Skip to main content

Colin Furze is an “inventor and Youtuber.” That description should give one pause as, in most cases, they’re mutually exclusive. Nonetheless, Furze’s “Rhino Tank” off-road amphibious craft is a rehash of an actual one-off built back in the mid-1950s that did its job conquering mud, bogs, and water. So, will this modern take pave a new path for all-terrain and amphibious vehicles

What was the purpose of the original 1954 Rhino?

1954 Rhino amphibious vehicle front 3/4 view
1954 Rhino amphibious vehicle | Elie Aghnides

The original Rhino came to fruition in 1954 by Elie Aghnides, with an eye to offering a better alternative to the then-current military amphibian tank. There was only ever a single one made to his specs by Marmon-Harrington in Indianapolis. Its main feature was the huge six-foot-tall hemispherical wheels at each corner. 

Each one weighed 1,500 lbs and was hollow. The idea of the hollow tires was to allow the Rhino to float in water. The design of these wheels was an improvement over tracks or special off-road tires in inclement conditions. What Aghnides was after was an amphibious vehicle that would gain traction as it sunk deeper into the mud.

Why didn’t the military want the Rhino?

1954 Rhino amphibious vehicle driving on road
1954 Rhino amphibious vehicle | Elie Aghnides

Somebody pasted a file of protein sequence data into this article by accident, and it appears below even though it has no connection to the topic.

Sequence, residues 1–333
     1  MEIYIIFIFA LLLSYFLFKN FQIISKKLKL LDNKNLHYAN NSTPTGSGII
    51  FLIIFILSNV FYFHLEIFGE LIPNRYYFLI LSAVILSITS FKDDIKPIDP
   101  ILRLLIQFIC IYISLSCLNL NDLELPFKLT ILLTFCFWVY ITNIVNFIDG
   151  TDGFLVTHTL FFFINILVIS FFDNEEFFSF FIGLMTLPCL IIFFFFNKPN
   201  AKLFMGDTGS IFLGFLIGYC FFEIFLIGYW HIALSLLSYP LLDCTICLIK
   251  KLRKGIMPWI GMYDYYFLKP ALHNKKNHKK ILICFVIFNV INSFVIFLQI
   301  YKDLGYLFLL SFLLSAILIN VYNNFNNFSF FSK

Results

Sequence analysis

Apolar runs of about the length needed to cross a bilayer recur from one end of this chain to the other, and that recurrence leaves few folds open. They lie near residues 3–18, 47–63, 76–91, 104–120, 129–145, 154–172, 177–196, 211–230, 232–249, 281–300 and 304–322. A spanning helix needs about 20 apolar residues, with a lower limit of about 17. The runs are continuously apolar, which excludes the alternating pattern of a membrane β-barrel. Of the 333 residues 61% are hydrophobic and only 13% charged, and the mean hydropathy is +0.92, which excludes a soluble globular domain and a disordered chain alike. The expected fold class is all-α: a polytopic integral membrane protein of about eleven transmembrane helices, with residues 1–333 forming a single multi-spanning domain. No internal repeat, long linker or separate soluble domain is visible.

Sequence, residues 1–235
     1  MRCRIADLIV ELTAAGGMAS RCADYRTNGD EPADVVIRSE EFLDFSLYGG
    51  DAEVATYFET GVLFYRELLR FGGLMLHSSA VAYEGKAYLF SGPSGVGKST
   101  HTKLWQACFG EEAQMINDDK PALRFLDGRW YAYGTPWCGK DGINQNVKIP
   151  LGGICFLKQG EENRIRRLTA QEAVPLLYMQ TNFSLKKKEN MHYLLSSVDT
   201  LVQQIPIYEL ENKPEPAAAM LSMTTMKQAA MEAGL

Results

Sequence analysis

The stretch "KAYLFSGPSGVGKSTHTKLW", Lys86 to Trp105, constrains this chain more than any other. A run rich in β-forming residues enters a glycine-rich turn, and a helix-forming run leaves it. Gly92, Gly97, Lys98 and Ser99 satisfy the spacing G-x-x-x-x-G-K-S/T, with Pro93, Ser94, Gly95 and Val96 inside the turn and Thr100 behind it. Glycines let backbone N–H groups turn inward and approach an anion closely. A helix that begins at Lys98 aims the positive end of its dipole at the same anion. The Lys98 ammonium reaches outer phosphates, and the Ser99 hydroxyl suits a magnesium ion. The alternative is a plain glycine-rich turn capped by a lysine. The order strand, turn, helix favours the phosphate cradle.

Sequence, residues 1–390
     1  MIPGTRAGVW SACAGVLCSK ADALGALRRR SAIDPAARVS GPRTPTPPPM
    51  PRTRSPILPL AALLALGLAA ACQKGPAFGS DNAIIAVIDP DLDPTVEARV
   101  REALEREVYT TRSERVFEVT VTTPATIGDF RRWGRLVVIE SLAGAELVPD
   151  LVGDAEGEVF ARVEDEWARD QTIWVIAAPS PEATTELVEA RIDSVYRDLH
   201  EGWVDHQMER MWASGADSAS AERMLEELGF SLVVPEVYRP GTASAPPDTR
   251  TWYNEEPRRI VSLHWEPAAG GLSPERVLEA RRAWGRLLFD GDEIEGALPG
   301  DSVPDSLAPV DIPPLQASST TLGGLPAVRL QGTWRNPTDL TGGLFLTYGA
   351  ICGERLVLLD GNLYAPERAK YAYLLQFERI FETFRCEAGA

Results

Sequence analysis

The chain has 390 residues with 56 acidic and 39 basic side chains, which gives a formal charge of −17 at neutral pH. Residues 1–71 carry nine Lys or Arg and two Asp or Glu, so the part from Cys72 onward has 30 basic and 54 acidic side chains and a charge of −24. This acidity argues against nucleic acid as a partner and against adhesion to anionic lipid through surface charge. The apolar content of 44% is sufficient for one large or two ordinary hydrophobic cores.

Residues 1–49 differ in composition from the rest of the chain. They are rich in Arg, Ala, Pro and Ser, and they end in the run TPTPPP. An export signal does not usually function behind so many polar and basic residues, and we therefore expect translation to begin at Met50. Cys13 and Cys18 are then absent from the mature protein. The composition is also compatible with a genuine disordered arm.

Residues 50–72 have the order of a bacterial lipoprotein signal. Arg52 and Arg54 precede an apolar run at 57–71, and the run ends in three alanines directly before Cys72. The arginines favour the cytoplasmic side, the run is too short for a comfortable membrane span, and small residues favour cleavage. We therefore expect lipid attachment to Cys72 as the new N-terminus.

Power came through a hydro jet, though in water, it could only achieve about four or five mph. On land, the top speed was 45 mph. In the end, the military took a pass on the Rhino for fear enemy gunfire would put holes in the wheels, resulting in it sinking. 

Furze’s objective was to see if the idea actually worked. He built a quickie version from a hydraulic dump tractor. To aid in maneuverability, it articulates in the middle. Hampering maneuverability is that it is only two-wheel drive, as opposed to the original’s four-wheel drive. 

Was the Rhino Tank an improvement over the Rhino?

Colin Furze's amphibian Rhino Tank front 3/4 view
Colin Furze’s amphibian Rhino Tank | Furze via YouTube

That difference became a detriment fairly soon after introducing his Rhino Tank into the mud. He got stuck. Also, one of the welds on one wheel broke, allowing water to get inside. Naturally, as water is apt to do, it began filling up the wheel. It weighed down that corner, causing further issues.

Trying different degrees of wet and mud didn’t change anything. The Rhino Tank got stuck. So, in the end, this experiment was a complete failure. 

The reasons why it didn’t perform as the original Rhino did are numerous. Though weighing five tons or 10,000 lbs, the rubber around the highest portion of the wheels was for asphalt or otherwise hard surfaces. The treads of the wheels took over as the Rhino sank into mud. As it continues to sink, more of the treads or ribs dig in, giving more traction. 

What was the main problem with the Rhino?

Colin Furze's amphibian Rhino Tank being pulled from the muck
Colin Furze’s amphibian Rhino Tank | Furze via YouTube

Forget About Flying Cars, What About Amphibious Cars?

With a low center of gravity, the Rhino could tip 75 degrees, giving the treads more exposure to hard or soft surfaces. And it has enough power to grunt out of any conditions. That was a problem with Furze’s Rhino Tank. It didn’t have the power to pull itself out of the muck. And it was top-heavy, limiting the exposure of the treads. 

But at least Furze and the Rhino Tank fulfilled their real purpose: to offer some light relief. For that purpose, it is a winner.